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When FIFA announced the Women’s World Cup would be in France in 2019, I told my husband, “We’re going.” By then, I had entered my 40s, and realizing I would never experience a maternity leave, I thought, I’m going to take a Women’s World Cup leave.

So, we planned for a year — Marie Kondo’d our house, rented it, and arranged enough work projects, airline miles, vacation, savings and unpaid leave to live abroad for nearly two months.


Watching these women on the field is intoxicating. Not just because they are so good, but also because it is like watching a team of Billy Jean Kings and Venus and Serena Williamses in action. They are a movie in the making.

When 28 players filed a federal lawsuit in March against the U.S. Soccer Federation over “institutionalized gender discrimination,” it was among several other lawsuits, protests, boycotts by women soccer players across the world pushing to equalize compensation.

If supporting all of them meant this Francophile had to travel to Europe and scooter around French bars and stadiums — oui, ja, si, yes. I will make that sacrifice.

We kicked off our journey a week before the tournament with a work trip to the Netherlands — home turf to the team that will be our opponent in the final this Sunday.

Riding bikes around the city’s canals and running around the Vondelpark, we passed several Amsterdammers wearing the team’s bright orange jersey. Our neighborhood grocery store, Albert Heijn, gave away free stacks of the Women’s World Cup schedules, complete with a large picture of its women’s “Orange Lionesses” team — another sign of the country’s dedication to their women.

By the time the tournament began on June 7, the Dutch football association had struck a deal to increase the women’s commercial compensation so they will be at the same level as the men by 2023. The boost follows other measures in increased support of the team after they won the 2017 European championship.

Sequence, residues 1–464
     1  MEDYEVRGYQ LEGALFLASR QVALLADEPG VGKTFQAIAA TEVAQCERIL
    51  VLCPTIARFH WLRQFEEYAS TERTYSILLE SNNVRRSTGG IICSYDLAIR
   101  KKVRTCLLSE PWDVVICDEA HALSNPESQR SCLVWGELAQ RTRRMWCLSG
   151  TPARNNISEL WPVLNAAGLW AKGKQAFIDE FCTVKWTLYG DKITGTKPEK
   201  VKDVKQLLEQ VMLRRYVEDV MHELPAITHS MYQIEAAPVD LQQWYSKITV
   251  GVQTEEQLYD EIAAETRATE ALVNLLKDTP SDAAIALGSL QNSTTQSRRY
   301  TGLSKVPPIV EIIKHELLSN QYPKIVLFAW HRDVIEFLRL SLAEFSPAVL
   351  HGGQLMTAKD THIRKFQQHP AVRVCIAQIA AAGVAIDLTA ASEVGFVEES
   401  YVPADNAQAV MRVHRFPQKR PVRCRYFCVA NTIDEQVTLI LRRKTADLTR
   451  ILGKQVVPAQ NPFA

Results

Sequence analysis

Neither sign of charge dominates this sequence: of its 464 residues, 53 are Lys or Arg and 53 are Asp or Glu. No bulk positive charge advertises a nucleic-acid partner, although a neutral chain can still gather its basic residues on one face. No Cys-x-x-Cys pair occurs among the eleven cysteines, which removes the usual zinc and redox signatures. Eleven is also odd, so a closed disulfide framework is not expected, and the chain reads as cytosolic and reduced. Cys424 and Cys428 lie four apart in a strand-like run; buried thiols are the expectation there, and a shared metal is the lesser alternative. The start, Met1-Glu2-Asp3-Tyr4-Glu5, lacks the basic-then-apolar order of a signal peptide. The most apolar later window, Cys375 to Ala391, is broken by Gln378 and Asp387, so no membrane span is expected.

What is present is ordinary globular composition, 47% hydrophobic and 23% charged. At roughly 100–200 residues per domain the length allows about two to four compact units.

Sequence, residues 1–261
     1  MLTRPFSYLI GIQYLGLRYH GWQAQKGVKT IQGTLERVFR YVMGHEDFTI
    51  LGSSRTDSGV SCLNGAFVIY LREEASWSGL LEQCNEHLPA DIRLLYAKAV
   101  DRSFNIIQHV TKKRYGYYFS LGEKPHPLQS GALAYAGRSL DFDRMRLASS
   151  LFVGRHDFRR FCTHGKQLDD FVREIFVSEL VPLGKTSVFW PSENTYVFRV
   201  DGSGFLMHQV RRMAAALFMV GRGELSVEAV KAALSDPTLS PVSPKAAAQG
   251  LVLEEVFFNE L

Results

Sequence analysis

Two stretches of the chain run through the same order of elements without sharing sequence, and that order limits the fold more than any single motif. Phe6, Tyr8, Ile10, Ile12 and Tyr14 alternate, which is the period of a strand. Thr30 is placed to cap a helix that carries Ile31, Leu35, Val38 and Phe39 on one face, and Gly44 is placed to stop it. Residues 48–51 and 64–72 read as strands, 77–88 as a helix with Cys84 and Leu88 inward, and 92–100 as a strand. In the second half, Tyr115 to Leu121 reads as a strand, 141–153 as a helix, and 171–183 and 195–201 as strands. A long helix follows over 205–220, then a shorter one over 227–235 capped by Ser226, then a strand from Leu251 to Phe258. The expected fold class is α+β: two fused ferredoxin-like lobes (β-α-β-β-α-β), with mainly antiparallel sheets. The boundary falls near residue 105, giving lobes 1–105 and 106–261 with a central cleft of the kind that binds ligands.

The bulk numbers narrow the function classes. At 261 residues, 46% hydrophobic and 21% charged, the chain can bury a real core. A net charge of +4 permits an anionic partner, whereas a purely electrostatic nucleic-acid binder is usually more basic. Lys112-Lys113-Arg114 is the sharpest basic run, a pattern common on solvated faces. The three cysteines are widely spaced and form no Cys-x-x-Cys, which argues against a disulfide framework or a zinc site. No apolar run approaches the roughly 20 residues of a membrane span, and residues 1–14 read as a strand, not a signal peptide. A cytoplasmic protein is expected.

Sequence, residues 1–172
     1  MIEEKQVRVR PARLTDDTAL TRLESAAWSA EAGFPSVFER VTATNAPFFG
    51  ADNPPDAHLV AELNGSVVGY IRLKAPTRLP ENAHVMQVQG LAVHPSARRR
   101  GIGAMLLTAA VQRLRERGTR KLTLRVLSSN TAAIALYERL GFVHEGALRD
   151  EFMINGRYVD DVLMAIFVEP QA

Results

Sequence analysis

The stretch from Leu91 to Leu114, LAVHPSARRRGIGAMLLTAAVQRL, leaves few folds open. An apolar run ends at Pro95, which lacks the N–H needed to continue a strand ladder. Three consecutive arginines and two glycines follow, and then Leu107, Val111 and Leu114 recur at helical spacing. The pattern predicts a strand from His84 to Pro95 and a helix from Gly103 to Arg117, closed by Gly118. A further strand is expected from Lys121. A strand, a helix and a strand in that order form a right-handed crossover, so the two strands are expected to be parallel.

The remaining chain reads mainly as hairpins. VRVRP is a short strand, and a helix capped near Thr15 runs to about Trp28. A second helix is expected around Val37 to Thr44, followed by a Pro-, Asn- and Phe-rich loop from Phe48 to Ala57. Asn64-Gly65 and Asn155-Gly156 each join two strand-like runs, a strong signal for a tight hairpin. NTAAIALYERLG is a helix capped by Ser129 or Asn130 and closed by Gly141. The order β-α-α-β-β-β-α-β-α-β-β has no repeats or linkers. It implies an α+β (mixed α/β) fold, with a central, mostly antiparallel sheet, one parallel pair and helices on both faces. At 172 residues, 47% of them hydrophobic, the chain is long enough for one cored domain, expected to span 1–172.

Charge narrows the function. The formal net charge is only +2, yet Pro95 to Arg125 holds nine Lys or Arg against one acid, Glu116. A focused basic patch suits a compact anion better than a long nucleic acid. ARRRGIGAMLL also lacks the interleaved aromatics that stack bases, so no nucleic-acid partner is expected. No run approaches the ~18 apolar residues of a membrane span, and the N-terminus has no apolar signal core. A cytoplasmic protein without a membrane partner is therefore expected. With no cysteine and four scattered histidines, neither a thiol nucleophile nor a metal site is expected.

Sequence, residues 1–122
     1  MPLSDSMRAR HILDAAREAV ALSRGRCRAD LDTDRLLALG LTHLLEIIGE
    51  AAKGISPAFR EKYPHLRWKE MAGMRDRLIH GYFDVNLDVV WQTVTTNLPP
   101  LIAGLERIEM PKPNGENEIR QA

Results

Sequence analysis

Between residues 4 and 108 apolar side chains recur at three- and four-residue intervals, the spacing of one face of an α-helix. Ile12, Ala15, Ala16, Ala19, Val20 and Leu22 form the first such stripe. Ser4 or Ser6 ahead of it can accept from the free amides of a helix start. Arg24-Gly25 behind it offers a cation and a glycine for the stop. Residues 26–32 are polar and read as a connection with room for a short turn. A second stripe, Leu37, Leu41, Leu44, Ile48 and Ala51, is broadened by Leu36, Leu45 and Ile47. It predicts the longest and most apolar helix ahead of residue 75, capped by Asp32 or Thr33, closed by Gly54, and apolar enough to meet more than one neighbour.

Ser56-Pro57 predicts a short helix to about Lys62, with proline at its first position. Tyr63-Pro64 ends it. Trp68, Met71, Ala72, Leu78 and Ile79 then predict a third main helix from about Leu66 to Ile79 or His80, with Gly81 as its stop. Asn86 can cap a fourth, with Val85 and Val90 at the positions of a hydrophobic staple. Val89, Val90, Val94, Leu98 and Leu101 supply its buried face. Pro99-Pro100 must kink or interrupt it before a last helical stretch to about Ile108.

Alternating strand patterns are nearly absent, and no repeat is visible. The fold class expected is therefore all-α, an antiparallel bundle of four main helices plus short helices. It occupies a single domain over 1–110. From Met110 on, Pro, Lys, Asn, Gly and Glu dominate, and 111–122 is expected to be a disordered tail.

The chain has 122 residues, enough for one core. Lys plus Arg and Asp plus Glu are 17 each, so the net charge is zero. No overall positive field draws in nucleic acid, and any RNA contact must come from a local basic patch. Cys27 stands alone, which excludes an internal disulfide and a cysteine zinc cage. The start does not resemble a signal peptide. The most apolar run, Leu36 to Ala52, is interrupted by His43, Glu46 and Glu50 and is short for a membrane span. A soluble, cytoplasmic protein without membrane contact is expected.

The U.S. women’s team has won three Women’s World Cups. They are the most accomplished in the world. Still, they are paid less than the U.S. men’s team, despite bringing in more revenue than the men since 2016, according to a recent analysis by the Wall Street Journal. The best finish of the men’s team was in 1930, when they reached the semifinals.

We watched the USA’s first game, the 13-0 thrashing of Thailand, on Dutch TV. That domination would be an omen for the controversy and entertainment that would make this tournament so exhilarating.

By the second USA game, we were in our new home in Paris.

We arrived at the USA vs. Chile game at Paris’ Parc de Princes stadium early, with enough time to have “USA” painted on our faces and watch the women warm up.

U.S. Coach Jill Ellis played the second string, and it was an easy win, leading U.S. defender Ali Krieger to declare, “We have the best team in the world and the second-best team in the world.”

We celebrated the two wins with a couple of rosés at a nearby café. The French congratulated us. La vie était bonne, indeed.

We settled in to a routine of shuttling between nighttime games at pubs and rooftop bars via scooters, or “trottinettes.”

I found out too late that my “pas de problem” attitude about no air conditioning dating from 20 years ago when I studied abroad in Paris had no relevance today as the thermometer outside our living room window ticked up to 39.5 degrees Celsius (103 degrees Fahrenheit) during France’s historic heat wave.